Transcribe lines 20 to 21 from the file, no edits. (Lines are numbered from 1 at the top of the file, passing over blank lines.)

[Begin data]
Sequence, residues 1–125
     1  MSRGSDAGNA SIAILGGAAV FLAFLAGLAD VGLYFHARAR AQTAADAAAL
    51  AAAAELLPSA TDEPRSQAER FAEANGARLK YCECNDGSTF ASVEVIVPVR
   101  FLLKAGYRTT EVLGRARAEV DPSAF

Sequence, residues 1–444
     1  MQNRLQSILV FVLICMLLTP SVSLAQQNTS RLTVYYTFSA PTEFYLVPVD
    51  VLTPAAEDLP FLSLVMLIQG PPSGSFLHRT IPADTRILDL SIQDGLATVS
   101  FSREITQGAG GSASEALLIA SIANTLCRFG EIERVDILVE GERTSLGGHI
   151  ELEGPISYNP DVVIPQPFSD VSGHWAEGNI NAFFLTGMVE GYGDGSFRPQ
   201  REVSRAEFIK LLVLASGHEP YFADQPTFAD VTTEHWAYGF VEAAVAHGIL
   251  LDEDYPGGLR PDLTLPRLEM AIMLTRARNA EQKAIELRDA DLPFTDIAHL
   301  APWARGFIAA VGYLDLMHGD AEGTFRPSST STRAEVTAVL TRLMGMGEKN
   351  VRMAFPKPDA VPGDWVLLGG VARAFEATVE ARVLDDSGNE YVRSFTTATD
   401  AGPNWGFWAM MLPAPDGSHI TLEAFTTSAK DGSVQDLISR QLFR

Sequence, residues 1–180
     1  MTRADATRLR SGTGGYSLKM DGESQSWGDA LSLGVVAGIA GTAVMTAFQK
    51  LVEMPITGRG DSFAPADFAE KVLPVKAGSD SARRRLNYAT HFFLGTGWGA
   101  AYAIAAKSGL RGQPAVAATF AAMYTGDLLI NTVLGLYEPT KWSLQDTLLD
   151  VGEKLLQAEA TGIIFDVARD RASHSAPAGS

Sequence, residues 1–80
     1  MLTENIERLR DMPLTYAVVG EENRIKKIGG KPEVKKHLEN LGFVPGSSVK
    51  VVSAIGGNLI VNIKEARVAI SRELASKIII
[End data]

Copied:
Sequence, residues 1–80
     1  MLTENIERLR DMPLTYAVVG EENRIKKIGG KPEVKKHLEN LGFVPGSSVK